The suspend and resume operations during a power on/off cycle will now be described in more detail with respect to FIGS. 3a-3c and 4a-4e, respectively. In operation, when power on/off switch 41 is depressed, a suspend NMI is generated to initiate the saving of the system's present state within approximately a two second time period. As shown in step 84, the first operation performed subsequent to power switch 41 being depressed is to save the contents of all of the registers of CPU 11. Subsequently, all system interrupts are disabled and a system suspend flag is cleared as depicted in step 85. The clearing of the system suspend flag prevents the system from being restarted from the beginning when the system is resumed unless the system is successfully suspended. As indicated in step 86, the diskette drives and the display are turned off and any printer operation is stopped while any audio output is disabled.
In step 87, a system profile area in RAM 15 is read. In this area, a user of the system can indicate that it is desired to have the system restart from the beginning of any suspended application program rather than having it resume at its suspended execution point. In decision block 88, a determination is made as to whether or not a resume mode is set, i.e., whether or not the system will resume at the suspended execution point. If the answer is no, then a second determination is made as to whether or not a "force" resume is set. This is done in block 89. A "force" resume overrides the information in the system profile area that was read in step 87 so as to force the system to resume at its suspended execution point. This "force" resume would be used to prevent loss of the system's state if the power supplied to the system were in danger of running out. In the preferred embodiment disclosed herein, the power is supplied to the system by a battery, i.e., power supply 42 is a battery. In this manner, the state of the system can be saved if the battery runs low during the execution of an application program without losing data which cannot be recovered. If the answer to decision block 89 is no, then no saving of the system is done in the event of power off. However, if the answer to either decision block 88 or decision block 89 is yes, then as indicated in step 91, a special save area in RAM 35 is activated. In accordance with the activation of this special suspend save area in RAM 35, the real time clock 21 interrupt mode is saved and all real time clock interrupts except an alarm interrupt are disabled, i.e., only the alarm function of the system has power remaining on. In decision block 93, a determination is made as to whether or not an alarm power-on-activation has been requested. If there are no alarms set, then operation proceeds to step 95 which will be explained with respect to FIG. 3b. However, if an alarm power-on has been requested, then as indicated in step 94, the alarm hardware provides an enable-power-on so that at the time an alarm goes off, if the system has been suspended it will then resume execution at the point at which it was suspended.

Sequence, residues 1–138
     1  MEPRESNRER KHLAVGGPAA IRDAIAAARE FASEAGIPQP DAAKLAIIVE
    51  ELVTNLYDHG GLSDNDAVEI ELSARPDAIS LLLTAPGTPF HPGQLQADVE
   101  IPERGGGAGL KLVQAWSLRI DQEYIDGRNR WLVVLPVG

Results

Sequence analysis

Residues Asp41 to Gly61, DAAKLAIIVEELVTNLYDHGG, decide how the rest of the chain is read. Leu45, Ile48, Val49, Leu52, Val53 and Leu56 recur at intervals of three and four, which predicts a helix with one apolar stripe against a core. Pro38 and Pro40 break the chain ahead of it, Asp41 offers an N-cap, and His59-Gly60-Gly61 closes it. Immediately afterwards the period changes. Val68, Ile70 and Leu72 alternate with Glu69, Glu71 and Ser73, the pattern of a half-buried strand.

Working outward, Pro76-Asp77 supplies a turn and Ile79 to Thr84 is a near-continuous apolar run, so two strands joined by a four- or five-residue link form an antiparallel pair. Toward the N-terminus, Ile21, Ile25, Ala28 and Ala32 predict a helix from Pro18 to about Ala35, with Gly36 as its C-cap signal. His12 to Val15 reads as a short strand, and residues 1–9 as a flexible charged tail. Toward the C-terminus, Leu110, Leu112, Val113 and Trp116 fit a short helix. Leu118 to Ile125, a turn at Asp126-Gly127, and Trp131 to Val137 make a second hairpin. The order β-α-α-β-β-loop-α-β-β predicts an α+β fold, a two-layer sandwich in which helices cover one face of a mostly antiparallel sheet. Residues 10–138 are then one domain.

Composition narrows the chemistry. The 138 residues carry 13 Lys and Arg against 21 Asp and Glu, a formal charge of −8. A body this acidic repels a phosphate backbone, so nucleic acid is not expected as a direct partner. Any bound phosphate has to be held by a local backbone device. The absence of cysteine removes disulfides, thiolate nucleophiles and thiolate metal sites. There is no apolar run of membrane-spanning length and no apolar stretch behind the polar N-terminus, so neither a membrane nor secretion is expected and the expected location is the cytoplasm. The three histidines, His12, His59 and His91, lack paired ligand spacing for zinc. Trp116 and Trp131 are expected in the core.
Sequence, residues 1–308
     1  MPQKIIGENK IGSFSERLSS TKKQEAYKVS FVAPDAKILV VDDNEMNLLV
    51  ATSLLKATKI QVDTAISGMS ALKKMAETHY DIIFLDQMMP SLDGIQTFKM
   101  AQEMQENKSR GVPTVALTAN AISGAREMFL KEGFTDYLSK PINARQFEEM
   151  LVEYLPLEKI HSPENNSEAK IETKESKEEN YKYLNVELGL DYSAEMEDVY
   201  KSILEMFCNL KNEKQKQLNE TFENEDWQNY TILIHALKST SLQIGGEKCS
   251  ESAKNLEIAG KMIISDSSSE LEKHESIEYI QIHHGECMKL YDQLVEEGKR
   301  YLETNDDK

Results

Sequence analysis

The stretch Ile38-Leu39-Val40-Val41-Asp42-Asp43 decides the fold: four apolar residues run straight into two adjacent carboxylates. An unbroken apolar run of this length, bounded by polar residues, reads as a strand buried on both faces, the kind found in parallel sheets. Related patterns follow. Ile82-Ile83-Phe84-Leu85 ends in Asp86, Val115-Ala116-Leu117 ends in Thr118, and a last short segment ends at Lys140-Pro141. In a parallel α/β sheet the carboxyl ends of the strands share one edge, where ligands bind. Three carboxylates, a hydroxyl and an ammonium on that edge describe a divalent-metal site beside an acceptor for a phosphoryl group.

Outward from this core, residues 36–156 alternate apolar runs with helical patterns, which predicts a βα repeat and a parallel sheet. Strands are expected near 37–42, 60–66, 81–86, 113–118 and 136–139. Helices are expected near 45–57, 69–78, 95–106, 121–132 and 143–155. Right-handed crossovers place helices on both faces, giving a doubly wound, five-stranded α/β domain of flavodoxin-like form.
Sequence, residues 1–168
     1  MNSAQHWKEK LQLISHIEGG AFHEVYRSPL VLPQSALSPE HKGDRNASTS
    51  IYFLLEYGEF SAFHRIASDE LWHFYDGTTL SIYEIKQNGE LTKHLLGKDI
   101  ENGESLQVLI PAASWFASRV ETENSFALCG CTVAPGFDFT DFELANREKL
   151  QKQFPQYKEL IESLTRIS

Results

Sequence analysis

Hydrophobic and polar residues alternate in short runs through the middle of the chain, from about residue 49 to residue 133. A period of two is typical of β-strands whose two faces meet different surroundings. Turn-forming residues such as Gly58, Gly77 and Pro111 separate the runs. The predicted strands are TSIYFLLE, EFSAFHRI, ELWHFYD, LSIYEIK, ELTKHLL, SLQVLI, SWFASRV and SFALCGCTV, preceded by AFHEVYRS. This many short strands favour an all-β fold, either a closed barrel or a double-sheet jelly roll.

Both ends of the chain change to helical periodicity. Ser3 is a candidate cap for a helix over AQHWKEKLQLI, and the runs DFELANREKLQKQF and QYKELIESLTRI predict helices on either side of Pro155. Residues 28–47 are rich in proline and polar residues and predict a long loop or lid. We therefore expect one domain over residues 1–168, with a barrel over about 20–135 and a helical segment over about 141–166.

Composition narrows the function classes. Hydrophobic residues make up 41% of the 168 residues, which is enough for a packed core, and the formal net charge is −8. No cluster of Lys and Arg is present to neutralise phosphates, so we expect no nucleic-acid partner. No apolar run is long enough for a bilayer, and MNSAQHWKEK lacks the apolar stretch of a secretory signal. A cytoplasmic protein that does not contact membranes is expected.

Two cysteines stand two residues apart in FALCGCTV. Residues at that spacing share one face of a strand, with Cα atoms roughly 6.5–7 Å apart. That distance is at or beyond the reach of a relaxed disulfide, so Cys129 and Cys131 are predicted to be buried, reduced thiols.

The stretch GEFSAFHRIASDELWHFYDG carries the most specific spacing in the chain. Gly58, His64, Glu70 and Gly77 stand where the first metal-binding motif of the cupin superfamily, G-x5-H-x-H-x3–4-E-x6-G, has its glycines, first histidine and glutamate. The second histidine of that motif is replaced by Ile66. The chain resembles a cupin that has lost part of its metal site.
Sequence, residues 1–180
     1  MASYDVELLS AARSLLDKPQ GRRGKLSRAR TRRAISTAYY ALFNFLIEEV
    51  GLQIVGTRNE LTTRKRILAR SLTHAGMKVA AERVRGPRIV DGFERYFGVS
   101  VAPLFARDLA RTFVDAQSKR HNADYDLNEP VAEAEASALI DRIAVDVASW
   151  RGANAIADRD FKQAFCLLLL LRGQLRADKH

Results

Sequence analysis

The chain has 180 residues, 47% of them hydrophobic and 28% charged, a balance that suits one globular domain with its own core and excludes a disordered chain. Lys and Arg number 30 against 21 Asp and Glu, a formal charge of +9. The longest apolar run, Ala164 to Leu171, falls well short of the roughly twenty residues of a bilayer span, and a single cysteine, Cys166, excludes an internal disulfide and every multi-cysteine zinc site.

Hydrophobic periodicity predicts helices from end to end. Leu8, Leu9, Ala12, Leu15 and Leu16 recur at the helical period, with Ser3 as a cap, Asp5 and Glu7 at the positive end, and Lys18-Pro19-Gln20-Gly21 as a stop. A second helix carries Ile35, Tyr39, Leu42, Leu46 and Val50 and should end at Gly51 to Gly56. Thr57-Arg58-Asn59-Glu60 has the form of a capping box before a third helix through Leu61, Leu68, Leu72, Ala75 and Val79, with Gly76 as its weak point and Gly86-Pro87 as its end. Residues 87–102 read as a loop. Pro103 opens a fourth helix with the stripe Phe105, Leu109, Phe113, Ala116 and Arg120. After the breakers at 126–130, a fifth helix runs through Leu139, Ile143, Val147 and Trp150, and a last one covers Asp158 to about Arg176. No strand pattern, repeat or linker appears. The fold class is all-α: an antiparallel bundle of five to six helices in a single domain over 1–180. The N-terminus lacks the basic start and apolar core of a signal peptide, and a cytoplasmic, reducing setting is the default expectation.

Having made a determination as to whether or not a resume mode has been set and a second determination as to whether or not an alarm function is required, a number of functions are carried out subsequent to step 95. These are as shown in FIG. 3b. As indicated in step 96, the stack segment and stack pointer registers within CPU 11 are saved. As indicated in steps 97 and 98, the state of the display controller 14 and the state of system timers 18 is each saved. As shown in steps 101 and 102, the registers of both interrupt controller 12 and DMA controller 13 are saved. Additionally, (as shown in step 103) all interrupt vectors which are used by the system to perform a power on self test (POST) when the system is restarted are saved. To facilitate the POST, the main area in RAM 15 used by POST is saved as disclosed in step 104. Finally, as shown in step 105, the state of the registers of keyboard control 17 is saved.
The saving of the system's state continues as shown in step 106 in FIG. 3c. Each of modem 22 and RS232 communication interface contains controller setup registers for holding information which is desired to be communicated over lines 38 and 39, respectively. Modem 22 is considered the primary communication device while RS232 communication interface 23 is considered the secondary communication device. As shown in steps 107 and 108, the registers containing information which is to be communicated is saved at the time of power down or system suspend. Note that any information that is being communicated over lines 38 and 39 at the time of a power down will be lost. Additionally, as shown in steps 109 and 110, both the main memory and the special suspend memory have a check sum procedure performed on them and their contents are stored in the special save area. These operations are done to make sure that the contents of memory have not changed during the suspend operation. Finally, in steps 111 and 112, a system suspend flag is set, further execution is halted and the system waits for the expiration of the two second time period after the suspend operation has been initiated. Further operation then halts until a system resume operation is initiated.